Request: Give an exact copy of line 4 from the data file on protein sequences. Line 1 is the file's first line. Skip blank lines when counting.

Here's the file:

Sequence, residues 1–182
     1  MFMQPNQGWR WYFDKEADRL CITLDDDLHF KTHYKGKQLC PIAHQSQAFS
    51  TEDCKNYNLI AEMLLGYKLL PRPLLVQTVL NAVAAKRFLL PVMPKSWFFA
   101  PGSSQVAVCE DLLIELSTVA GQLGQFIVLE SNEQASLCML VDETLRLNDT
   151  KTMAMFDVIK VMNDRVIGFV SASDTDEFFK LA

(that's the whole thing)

   101  PGSSQVAVCE DLLIELSTVA GQLGQFIVLE SNEQASLCML VDETLRLNDT